So many systems and methods out there, right?
Complication of the simple. From complication to compilation, here are a few clips of my son Fletcher, who is now 5 years old. Before any comments come back at me that I am an irresponsible dad who can injure his child, know this: Fletcher has been a very active child since before he could walk. He’s naturally been inclined to run, climb, jump on, jump off obstacles and keep running. He may have seen me lift a kettebell or barbell, and he naturally did shoulder presses, barbell curls, deadlifts, jumps, climbs etc. He loves to run, hitting is his favorite thing in T-ball, and when he found boxing gloves at home, he put them on and asked me to spar. We’ve been wrestling and roughhousing playfully for as long as I can remember (and his 1 year old brother now joins us in epic ground mêlée fights). He asks me to take him surfing, I don’t push or encourage anything, other than consistency and stick-to-itiveness so he doesn’t quit and learn effort and persistence.
The larger point I want to make is progression: he started low, he started young. As he gets older, he climbs higher, jumps from higher ground, but he’s also taller, so elevation is relative: the absolute goes up, but the proportional remains the same. The skill is engrained. There is minimal coaching, where applicable. But if he can do something well, pain-free, and wants to repeat it, I will not deny him the joy. The risk is calculated. The only risk is avoidance, because denying him his true nature is not what I am about.
In this clip here, he jumps off an elevation (depth jump) from a standing position:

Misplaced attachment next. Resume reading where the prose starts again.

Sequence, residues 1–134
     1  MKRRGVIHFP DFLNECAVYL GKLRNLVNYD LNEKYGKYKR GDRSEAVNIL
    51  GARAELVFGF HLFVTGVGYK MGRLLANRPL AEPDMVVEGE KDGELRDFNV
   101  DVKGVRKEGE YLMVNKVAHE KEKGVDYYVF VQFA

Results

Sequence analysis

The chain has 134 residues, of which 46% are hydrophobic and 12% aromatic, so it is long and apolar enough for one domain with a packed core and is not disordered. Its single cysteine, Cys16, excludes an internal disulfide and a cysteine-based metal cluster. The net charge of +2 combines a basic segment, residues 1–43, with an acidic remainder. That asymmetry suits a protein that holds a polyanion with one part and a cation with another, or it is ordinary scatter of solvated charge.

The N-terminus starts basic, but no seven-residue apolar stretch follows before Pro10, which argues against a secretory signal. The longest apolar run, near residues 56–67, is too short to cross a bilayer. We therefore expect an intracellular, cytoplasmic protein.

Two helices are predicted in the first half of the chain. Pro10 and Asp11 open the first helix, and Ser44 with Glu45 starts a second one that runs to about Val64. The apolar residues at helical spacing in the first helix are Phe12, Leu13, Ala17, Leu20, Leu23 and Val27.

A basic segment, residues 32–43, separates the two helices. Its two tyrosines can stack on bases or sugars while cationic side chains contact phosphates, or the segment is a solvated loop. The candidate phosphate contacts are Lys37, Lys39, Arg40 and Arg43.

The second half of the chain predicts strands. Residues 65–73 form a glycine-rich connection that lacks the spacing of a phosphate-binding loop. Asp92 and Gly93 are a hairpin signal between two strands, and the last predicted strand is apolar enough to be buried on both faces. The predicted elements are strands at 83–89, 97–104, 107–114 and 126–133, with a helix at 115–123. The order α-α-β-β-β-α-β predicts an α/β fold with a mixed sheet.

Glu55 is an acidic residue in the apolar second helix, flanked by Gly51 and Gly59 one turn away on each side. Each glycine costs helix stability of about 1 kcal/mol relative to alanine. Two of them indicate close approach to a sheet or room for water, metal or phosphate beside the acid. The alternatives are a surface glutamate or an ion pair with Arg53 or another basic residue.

In this one, he starts from a seated position:
The jump can be improved by having him swing his legs more, but since the “wall” doesn’t allow for a full swing of the legs to build momentum, the thing to do is to push off the wall using the hands, which Fletcher didn’t do. Not as good a jump, but he made up for it by rolling and increasing the duration of his landing, therefore reducing impact. And using ONLY the hips, he is building the biomechanical skill needed for swings, for instance. A little coaching into a natural movement.
In this last clip, he is simply walking on the equivalent of a balance beam: similar width, he can fall into or out of the boat he is playing on. He is training not only balance, but to work from an elevation.
You know how you can walk on a beam on inch of the ground, but fear doing so if 20 feet off the ground? Yeah, well, here, he’s learning to not be afraid of that.
So, there you have it, a sneak preview of jumping drills from The Natural Method’s 3rd book, due out in a couple of weeks, and balance work from the fundamentals mentioned in Book 2.